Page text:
Monthly Archives: February 2014

Hannah Kuchler

Nok Nok? Who’s there? Usually someone with a terribly easy to guess password, a cyber criminal’s dream. But perhaps not for long.

Lenovo, the Chinese PC and phone manufacturer, has invested in Nok Nok Labs, a cyber security start up which aims to transform the industry by replacing passwords with a new technology which works with everything from fingerprints to voice recognition.

Nok Nok Labs raised $16.5m from Lenovo as well as venture capitalists DCM and Onset Ventures on Thursday to create a platform which will support the latest authentication technology. Lenovo will join the board of Nok Nok – and the assumption is, use the new tech in its devices from laptops to smartphones. Read more

Tim Bradshaw

The co-founder of fitness tracking device maker Jawbone wants to take on Twitter with the long-awaited launch of a new “global opinion network”, State.

State, which emerges from private testing on Thursday, has been many years in the making. Alex Asseily, who is still Jawbone’s chairman, and his brother Mark have been developing State since 2011, soon after Alex returned to London following 17 years in San Francisco. They had originally hoped to launch it in 2012 but the delay partly reflects the daunting scale of Mr Asseily’s vision. Read more

Richard Waters

The Wall Street analysts waiting eagerly for details of Tesla Motors’ planned “Gigafactory” will have been disappointed by the cursory treatment the project got on Wednesday, as the company announced plans to raise $1.6bn.

After all, this is the massive battery-making plant that is meant to cement Tesla’s rise as the world’s first mass-market electric car maker. According to an expansive report by a Morgan Stanley analyst earlier in the week, it could also make it the dominant player in a $1,500bn market for selling energy storage devices to electric utilities. Read more

Hannah Kuchler

The one big US social network not blocked in China launches its new site there in beta today – as part of a Chinese push previously reported by the Financial TimesRead more

News that Sina has hired Goldman Sachs and Credit Suisse to help spin off its Twitter-like Weibo service means it is the latest communications tool – after the acquisitions of chat apps WhatsApp and Viber – that investors will be asked put a value on.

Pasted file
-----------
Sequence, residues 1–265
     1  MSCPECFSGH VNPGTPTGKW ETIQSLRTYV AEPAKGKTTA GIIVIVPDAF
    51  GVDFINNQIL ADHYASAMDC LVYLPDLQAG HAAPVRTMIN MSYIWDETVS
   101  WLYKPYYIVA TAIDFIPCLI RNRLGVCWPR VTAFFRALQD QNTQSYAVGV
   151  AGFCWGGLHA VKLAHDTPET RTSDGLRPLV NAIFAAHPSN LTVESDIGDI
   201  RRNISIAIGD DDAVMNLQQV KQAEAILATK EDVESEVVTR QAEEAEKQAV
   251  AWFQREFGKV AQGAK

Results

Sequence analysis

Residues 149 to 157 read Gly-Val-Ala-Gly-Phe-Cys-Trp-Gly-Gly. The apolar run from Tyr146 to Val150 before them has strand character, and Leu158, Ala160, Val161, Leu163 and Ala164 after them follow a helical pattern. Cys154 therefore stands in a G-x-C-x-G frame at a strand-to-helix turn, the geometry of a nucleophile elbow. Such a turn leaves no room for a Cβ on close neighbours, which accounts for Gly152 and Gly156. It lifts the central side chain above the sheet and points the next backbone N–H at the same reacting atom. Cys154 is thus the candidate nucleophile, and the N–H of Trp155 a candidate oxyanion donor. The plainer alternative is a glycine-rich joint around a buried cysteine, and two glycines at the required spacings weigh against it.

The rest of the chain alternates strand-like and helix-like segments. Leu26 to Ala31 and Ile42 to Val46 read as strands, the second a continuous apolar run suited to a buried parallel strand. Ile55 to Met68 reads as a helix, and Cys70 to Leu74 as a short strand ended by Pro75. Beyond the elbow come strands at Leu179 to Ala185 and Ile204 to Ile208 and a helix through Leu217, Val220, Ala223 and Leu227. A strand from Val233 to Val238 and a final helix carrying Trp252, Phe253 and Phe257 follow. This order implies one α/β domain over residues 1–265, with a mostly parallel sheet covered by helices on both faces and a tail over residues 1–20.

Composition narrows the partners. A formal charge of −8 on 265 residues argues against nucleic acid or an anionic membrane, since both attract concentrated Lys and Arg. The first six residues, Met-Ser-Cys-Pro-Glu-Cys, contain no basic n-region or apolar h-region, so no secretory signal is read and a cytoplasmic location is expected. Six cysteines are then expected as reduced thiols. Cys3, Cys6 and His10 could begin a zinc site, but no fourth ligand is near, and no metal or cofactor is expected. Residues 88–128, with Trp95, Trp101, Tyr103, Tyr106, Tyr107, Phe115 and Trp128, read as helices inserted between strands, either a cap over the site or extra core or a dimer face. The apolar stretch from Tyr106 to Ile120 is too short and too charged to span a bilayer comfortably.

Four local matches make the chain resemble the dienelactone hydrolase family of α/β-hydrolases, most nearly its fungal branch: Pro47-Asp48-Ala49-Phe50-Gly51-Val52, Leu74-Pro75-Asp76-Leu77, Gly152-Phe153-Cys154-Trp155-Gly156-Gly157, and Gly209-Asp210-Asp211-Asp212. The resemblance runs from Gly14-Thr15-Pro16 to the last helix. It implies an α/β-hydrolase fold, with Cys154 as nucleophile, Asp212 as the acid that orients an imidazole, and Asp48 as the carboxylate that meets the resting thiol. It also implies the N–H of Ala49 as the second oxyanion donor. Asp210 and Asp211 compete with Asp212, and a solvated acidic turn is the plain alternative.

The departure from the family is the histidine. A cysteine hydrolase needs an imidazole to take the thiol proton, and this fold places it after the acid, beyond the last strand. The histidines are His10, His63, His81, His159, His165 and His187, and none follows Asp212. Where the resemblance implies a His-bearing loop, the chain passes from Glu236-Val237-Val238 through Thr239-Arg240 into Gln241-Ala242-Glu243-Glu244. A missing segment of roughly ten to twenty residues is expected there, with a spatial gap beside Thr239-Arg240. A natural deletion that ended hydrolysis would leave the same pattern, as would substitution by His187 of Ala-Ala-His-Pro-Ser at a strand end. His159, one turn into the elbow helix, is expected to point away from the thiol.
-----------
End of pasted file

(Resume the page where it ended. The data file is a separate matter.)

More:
Details about the potential New York IPO remain scant, other than that it could value Weibo at more than $5bn. The FT’s Lex has posed some probing questions about the floatation (i.e. Why?) but here are a few more. Read more

Richard Waters

It must have been galling to Microsoft when Hewlett-Packard brought back Windows 7 “by popular demand” last month. But it reflected a reality that has been hard to ignore: the vast majority of PC users who still manipulate a mouse and tap on a keyboard have little to gain from the touch-centric tiled interface of Windows 8.

Now, Microsoft is ready to make more concessions to the keyboard-and-mouse crowd – while insisting that it is still committed to touch. Read more

Is $19bn a lot of money? It certainly sounds like it – that’s what Facebook thought WhatsApp was worth when it scooped up the messaging app on Wednesday.

The fate of social networks depends on being able to turn huge pools of users into a source of cash. So one way to assess whether Mark Zuckerberg got value for money is to look at how much he paid per WhatsApp user compared with the price of each person in other networks: Read more

There’s a hot messaging app with a global following that’s just asking to be acquired.

Whoops, sorry, that was yesterday, but what if we change the name to BBM? Read more

Sirgoo Lee, chief executive of the South Korean mobile messaging company Kakao, chuckles when asked about Facebook’s acquisition of rival WhatsApp for $19bn. “All I can say is that’s a lot of money,” he says.

While it has a strong presence in India and Hong Kong, WhatsApp is a marginal player in many parts of Asia writes Simon Mundy. Kakao, Japan-based LINE and China-headquartered WeChat dominate mobile messaging in their respective home territories, and are fighting for control of the market in southeast Asia. The Japanese internet company Rakuten, meanwhile, last month spent $900m on Viber, an Israeli company that provides similar free calling and messaging services. Read more

Tim Bradshaw

Facebook is paying up to $19bn in cash, stock and earnouts to acquire WhatsApp Messenger, the world’s most popular mobile chat app with more than 450m regular users. Here Tim Bradshaw and Hannah Kuchler brought live reaction and comment from Facebook’s conference call.